Thursday night Mitt Romney accepted the Republican Party’s nomination for President at the Republican National Convention in Tampa, Florida. It was perhaps his most telling moment during his campaign for president.
In presenting his case to the gathered Republican delegates and the American electorate, Romney’s acceptance speech avoided the major falsehoods of his running mate Paul Ryan’s from the previous night. But there were still moments when his facts went awry or were missing important context. While he roused the audience with his typically empty boasts and bloated projections for the future of America, the former governor didn’t share how he plans to turn the country around nor did he offer any countering measure to President Barack Obama’s plans.
His speech was also a shameful exercise in revisionist history, topped by a blatant appeal to the virtues of pre-Civil War America and states' rights, containing carefully coded insults that excited delegates.
Maintaining a genial tone, Romney effectively humanized himself, opening up about faith and family, but soon pivoted to subtle digs towards President Obama. Mitt Romney deliberately fed the paranoia of the party’s ‘Birthers’ by suggesting that “when the world needs someone to do the really big stuff, you need an American.” It was a blatantly xenophobic nod to the worst elements of the political right; and the second time in a week Romney has alluded to the disproved notion that President Obama was not born in the United States. Romney knows better and his willful alignment with the likes of "Birther in Chief" Donald Trump exposes the former governor’s true character. So too did Mr. Romney’s subtle and frequent references to faith, again questioning the President’s faith while the Republican nominee hid behind his Mormon faith and uses the Bible as a strategic defense shield. It was a classic bait and switch – speak in the language of faith and patriotism and then spoon feed your audience out of the bowl of evil intent.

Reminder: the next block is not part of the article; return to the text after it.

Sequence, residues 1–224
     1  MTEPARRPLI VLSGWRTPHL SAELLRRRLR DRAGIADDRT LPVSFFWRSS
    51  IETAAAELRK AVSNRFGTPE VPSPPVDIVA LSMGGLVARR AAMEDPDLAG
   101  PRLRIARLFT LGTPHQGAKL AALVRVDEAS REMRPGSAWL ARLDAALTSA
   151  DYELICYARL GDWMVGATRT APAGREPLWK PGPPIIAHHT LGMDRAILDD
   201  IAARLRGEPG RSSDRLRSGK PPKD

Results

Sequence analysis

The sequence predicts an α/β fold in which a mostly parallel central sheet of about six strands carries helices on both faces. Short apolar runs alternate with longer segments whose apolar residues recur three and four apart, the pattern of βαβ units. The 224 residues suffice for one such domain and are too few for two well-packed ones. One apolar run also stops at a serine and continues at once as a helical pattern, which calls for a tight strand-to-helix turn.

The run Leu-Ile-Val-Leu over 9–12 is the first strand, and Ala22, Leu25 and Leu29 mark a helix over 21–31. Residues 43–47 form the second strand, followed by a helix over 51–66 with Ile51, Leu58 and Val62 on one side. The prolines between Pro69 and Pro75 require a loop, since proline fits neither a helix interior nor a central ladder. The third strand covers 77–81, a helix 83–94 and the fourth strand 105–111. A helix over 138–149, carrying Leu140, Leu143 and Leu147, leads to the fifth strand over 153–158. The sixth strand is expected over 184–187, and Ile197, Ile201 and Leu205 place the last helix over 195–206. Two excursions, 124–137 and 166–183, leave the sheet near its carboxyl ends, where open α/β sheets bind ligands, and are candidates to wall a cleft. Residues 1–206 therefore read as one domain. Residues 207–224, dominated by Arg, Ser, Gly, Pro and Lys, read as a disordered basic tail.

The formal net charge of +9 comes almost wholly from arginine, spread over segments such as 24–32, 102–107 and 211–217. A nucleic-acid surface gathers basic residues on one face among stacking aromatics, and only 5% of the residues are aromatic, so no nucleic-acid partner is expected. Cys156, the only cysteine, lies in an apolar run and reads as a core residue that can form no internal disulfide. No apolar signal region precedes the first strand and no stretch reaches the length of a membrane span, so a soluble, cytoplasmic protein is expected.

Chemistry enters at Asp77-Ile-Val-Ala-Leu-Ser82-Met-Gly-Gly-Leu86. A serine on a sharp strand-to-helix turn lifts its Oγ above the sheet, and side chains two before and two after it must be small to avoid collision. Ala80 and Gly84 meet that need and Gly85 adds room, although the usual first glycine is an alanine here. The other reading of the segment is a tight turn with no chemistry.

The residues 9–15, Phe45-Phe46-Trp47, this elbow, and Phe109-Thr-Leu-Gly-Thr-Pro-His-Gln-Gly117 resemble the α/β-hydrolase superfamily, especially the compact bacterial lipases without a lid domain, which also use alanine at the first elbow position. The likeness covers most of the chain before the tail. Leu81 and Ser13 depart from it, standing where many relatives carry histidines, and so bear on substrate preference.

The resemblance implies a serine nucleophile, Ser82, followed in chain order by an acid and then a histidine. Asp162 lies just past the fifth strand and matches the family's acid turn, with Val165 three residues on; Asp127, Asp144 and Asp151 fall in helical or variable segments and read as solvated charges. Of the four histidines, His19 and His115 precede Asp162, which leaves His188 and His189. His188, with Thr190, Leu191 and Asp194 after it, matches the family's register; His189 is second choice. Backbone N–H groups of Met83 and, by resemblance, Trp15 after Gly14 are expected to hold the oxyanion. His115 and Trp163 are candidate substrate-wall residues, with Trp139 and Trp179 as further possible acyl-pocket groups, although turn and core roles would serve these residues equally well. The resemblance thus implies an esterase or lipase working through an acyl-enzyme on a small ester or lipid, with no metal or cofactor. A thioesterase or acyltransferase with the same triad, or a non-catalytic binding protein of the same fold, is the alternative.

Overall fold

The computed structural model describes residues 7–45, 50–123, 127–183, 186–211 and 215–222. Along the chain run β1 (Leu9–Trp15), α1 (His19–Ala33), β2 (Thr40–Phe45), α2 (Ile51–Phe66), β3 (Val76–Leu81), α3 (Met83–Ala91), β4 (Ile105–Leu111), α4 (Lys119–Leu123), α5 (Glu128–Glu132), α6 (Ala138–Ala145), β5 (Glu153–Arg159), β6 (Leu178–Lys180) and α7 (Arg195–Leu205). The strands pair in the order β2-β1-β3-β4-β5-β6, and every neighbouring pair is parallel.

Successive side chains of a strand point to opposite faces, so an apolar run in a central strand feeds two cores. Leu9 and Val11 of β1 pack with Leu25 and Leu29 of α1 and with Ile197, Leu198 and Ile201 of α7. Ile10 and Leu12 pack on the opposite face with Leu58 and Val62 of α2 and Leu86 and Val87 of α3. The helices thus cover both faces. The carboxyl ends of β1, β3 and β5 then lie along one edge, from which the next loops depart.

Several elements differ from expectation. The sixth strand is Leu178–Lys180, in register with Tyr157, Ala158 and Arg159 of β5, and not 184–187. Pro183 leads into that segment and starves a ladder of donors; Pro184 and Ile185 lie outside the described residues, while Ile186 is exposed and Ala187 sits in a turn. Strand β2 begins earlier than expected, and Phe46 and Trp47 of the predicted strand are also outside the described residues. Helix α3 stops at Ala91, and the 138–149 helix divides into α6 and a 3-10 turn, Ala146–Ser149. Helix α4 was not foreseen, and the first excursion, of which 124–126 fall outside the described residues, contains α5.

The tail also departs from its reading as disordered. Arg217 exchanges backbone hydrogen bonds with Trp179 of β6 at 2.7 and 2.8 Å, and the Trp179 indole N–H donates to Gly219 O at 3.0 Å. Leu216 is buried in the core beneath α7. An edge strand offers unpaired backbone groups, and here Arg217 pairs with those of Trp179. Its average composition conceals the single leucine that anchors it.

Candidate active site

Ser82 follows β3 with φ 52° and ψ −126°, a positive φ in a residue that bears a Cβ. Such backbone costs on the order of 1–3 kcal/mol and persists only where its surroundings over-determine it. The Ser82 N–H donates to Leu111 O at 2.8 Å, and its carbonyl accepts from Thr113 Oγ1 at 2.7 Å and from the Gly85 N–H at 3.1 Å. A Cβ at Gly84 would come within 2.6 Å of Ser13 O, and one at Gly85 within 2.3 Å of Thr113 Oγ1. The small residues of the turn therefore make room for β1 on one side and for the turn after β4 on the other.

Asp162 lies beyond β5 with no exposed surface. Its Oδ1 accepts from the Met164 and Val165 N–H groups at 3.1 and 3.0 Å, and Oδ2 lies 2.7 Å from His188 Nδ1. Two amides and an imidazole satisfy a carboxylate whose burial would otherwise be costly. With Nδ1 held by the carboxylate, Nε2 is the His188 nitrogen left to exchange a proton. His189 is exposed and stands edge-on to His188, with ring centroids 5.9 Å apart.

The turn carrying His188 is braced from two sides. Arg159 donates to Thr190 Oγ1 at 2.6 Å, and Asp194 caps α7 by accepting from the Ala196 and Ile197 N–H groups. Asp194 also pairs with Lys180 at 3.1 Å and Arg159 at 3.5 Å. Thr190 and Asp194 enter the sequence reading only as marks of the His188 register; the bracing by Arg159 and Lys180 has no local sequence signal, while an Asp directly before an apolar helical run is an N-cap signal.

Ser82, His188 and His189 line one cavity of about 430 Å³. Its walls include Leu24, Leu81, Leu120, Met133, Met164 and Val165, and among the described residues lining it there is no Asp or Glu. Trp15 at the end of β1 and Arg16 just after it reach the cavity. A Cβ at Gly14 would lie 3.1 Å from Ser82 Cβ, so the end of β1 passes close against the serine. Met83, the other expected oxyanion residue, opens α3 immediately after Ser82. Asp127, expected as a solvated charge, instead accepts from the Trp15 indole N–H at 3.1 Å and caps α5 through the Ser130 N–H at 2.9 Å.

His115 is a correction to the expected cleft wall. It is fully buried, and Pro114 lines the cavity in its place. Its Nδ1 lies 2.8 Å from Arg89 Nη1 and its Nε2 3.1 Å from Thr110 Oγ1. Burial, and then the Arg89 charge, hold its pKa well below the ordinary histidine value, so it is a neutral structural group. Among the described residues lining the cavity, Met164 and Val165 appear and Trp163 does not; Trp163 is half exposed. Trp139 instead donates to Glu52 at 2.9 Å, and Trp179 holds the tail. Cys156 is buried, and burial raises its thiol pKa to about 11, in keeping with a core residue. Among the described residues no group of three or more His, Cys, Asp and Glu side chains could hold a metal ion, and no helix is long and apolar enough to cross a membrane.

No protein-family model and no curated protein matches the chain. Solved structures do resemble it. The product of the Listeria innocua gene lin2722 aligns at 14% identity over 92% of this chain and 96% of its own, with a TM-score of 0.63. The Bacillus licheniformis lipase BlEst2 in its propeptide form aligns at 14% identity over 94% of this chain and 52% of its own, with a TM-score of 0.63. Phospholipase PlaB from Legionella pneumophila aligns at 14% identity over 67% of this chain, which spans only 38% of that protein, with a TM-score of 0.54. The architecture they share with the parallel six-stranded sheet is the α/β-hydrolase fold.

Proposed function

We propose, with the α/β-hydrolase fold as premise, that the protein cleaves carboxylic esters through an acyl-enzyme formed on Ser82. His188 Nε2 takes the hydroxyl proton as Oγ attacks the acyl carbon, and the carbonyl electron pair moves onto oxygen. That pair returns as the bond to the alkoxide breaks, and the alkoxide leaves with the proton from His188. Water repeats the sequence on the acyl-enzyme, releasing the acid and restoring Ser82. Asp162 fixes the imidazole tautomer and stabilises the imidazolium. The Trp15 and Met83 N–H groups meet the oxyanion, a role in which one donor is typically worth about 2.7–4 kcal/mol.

What was apparent in Romney’s speech last night is that his campaign took great pains to lay claim to being legitimate Americans. It is beyond disingenuous in 2012 to claim “we are a nation of immigrants” and discount the trials and suffering of American Indians, enslaved Africans and modern African-Americans and Hispanic immigrants. To have Romney equate his family experiences with those of America’s oppressed is beyond insulting and is deliberately divisive. Romney stood before the nation attempting to present himself worthy of the presidency, but only showed the desperation of his candidacy by purposely ignoring history.
Romney’s true moral character, or more precisely his lack of it, was on full display when he chided the President on job creation and had the audacity to suggest that the nation was less secure despite the killing of Osama bin Laden. The GOP has no room to criticise the present administration’s foreign policy after the Bush administration's orchestrated hunt for nonexistent weapons of mass destruction that led our nation into two wars, caused the deaths of thousands of soldiers and seriously injured thousands, while digging a fiscal hole so deep we are likely generations removed from an earnest recovery.
To top it off, Romney had the gall to revive Cold War rhetoric and engage in some old-fashioned saber rattling, dismissing any effort to reach a diplomatic resolution with Iran while pulling a bush league move by talking tough to Russia.
Perhaps the most telling and offensive aspect of Romney’s speech was his blatant effort to suggest his silver spoon upbringing is the American ideal, and that his pathway to riches, built upon the exchange of paper and indifference to laborers, is somehow the best this nation can offer.
His penchant for outright lies in regard to the President’s policy record, and his deplorable appeal to the worst elements of the right exposes the desperation of a man whose only route to the White House is a road built upon lies, distortion and deception.
This opinion article was written by an independent writer. The opinions and views expressed herein are those of the author and are not necessarily intended to reflect those of DigitalJournal.com